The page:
The Quads are a large muscle group which can quickly stop working when hit correctly. The IT band runs the length of the leg (on the outside – basically it mirrors the side seam of trousers or jeans, giving you a good target to aim for) of and is a muscle which spends much of its time “tight” – there is very little give in it. If you’ve ever tried to stretch it out using a foam roller at the gym, you will know how tender it is. A strong strike using the shin to the upper leg will certainly get you a result. The pain may not be as acute as a strike to the eyes or groin however if it freezes the leg, even just for a moment, it will give you an “in” to follow up with Retzef (continuous strikes).

 This is the key to striking soft targets, not to look for them as “finishing” moves but to see them as a way to initially disrupt an attacker and set your-self up for a continued barrage of strikes and kicks. If a groin strike etc has the effect of finishing then all well and good however just creating time and space is a net positive (and essential if dealing with multiple attackers).

 It is important to attack in such a way that the attacker’s pain management system is bypassed. An adrenalized attacker can gear themselves up to accept and take punches, especially if this is what they are expecting to deal with. The most painful thing in the world, is not an eye strike, or groin slap but a Thomas the Tank Engine model, stepped on at 1:30 in the morning, when you’ve just got out of bed. Why? Because the pain is unexpected and unanticipated. This is why strikes need to be mixed, pokes, gouges as well as punches. Putting all of these strikes, which elicit different types of pain, mean that you increase your chances of having an effect against an adrenalized assailant(s). Soft targets and strikes need to be mixed up into your Retzef, so not only do you overwhelm your assailant with strikes, you overwhelm their pain management system as well.



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10 Principles Of Fighting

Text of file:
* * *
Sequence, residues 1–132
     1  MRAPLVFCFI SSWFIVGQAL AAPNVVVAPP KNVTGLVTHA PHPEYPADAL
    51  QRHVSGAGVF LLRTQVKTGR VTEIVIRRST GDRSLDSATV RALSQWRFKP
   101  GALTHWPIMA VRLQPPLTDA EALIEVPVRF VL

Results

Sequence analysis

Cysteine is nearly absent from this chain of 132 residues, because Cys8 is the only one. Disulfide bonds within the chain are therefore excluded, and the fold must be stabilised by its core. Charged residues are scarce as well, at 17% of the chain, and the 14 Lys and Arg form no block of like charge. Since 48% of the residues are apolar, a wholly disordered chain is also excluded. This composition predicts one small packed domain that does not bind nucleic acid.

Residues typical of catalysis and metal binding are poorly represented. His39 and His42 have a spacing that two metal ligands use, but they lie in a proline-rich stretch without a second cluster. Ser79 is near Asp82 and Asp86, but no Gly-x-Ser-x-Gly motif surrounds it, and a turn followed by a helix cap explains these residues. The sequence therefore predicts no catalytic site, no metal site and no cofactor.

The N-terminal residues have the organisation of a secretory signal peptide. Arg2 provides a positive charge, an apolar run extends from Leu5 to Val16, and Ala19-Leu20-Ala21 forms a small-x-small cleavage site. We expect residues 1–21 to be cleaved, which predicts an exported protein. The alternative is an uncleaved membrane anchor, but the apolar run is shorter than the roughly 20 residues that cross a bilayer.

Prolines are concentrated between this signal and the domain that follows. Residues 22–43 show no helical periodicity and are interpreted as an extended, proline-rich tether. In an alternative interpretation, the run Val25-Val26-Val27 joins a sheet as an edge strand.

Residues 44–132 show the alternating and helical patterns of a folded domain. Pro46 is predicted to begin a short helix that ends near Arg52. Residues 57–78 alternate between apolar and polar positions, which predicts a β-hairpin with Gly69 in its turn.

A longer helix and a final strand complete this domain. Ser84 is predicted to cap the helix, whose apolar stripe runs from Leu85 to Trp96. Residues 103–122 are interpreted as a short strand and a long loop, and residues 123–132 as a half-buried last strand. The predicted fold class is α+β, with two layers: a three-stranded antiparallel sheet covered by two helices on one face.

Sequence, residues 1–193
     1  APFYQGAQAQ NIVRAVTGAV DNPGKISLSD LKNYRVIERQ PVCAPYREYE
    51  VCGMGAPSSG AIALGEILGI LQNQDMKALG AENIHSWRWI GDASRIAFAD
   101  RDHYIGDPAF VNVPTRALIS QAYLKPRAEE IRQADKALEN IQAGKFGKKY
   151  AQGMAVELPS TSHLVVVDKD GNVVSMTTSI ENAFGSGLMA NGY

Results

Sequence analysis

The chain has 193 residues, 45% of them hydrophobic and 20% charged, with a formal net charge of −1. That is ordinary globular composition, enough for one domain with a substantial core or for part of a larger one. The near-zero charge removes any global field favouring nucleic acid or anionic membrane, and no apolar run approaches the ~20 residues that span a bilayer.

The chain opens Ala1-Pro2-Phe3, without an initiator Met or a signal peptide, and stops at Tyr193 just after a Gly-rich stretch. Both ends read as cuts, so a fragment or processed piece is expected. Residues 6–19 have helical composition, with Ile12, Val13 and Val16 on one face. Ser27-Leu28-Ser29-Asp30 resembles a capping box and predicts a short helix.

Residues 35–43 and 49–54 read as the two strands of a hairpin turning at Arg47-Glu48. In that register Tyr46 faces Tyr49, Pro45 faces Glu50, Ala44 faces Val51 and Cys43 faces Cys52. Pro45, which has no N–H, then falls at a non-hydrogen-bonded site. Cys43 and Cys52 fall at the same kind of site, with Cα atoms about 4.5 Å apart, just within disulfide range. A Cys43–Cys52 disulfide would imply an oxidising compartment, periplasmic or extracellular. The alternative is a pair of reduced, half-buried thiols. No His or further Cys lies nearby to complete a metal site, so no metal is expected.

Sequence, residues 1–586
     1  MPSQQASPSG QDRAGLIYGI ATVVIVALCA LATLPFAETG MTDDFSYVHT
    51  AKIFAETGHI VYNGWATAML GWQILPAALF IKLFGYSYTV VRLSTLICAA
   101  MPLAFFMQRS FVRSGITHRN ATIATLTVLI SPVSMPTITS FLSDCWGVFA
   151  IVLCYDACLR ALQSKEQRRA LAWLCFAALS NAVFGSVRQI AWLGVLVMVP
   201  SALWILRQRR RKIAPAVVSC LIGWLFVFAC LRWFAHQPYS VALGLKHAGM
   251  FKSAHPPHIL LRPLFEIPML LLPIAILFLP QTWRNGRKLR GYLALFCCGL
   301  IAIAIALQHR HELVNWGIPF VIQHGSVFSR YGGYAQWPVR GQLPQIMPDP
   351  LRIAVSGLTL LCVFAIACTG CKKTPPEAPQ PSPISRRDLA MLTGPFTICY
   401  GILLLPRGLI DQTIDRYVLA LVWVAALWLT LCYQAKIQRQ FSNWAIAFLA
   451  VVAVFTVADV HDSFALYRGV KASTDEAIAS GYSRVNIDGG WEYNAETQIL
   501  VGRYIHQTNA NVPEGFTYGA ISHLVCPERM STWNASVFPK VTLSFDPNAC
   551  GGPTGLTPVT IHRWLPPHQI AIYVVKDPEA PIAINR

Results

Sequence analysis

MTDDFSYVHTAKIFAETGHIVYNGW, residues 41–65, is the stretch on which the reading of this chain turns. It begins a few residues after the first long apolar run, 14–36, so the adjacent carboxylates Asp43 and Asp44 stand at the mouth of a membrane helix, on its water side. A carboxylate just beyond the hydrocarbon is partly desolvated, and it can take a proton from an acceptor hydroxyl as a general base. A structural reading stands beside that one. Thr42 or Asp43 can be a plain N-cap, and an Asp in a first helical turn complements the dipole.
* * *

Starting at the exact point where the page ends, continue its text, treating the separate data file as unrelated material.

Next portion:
(Gershon Ben Keren - Mon 4th Jun)


Along time ago, I wrote down a back of a cigarette packet list of “principles” on fighting that I worked out in a coffee shop one morning after a training session. I came across them again in an email I sent to a friend. I might re-word or emphasize things a bit differently but this is how they originally stood:

1. Disrupt then damage, then destroy or disengage. Disruption can be as simple as attacking an assailants balance.

2. The nearest weapon should attack the nearest softest target (eyes, throat or groin). Use attacks, which bypass an attackers “pain management” system e.g. bite, slap, eye rake etc. Use strikes, which give you the most “bang for your buck” and are the easiest to pull off.

3. Lay down as much continuous firepower in the shortest possible time i.e. “assault” the attacker. Don’t allow gaps/spaces between your strikes and attacks as this gives the opportunity for your attacker to fight back.

4. Change from “prey” to “predator” in the shortest possible time – defense and attack should be as close together as possible or attacks should be pre-emptive.

5. Switch between attacking high and low targets. Don’t focus on or become blind to just one target.

6. All techniques should utilize maximum body weight. This involves striking with forward movement.

7. Keep your head over your hips (don’t lean forward and don’t overextend) and your hips facing your attacker/target.

8. “Scan” to check your environment (don’t give in to tunnel vision) and to “de-stress”; always assume there are third parties in the environment who can comes to assist your assailants aid.

9. Avoid staying in the “transition zone” either be close to your attacker or far away from them.

10. Move around your assailant, changing the angle of your attacks. Avoid being in a position where your assailants hips are facing/square to you (this is where they are strong). By changing the angle of an attackers assault you force them to “reset” their attacks creating time and space for yourself.

I thought I’d take the next few blog posts to work through the list, explaining my ideas at the time and how these might have developed and changed due to different training/real-life experiences….

Principle 1 – Disrupt, Damage, Destroy, Disengage

The first person to act within a violent situation is the assailant (if you choose to pre-emptively attack, this will be you). Whoever acts first has the advantage i.e. the other person is obviously forced to react. There are two ways to force a disruption of their attack: 1) before they make it and 2) by responding to it.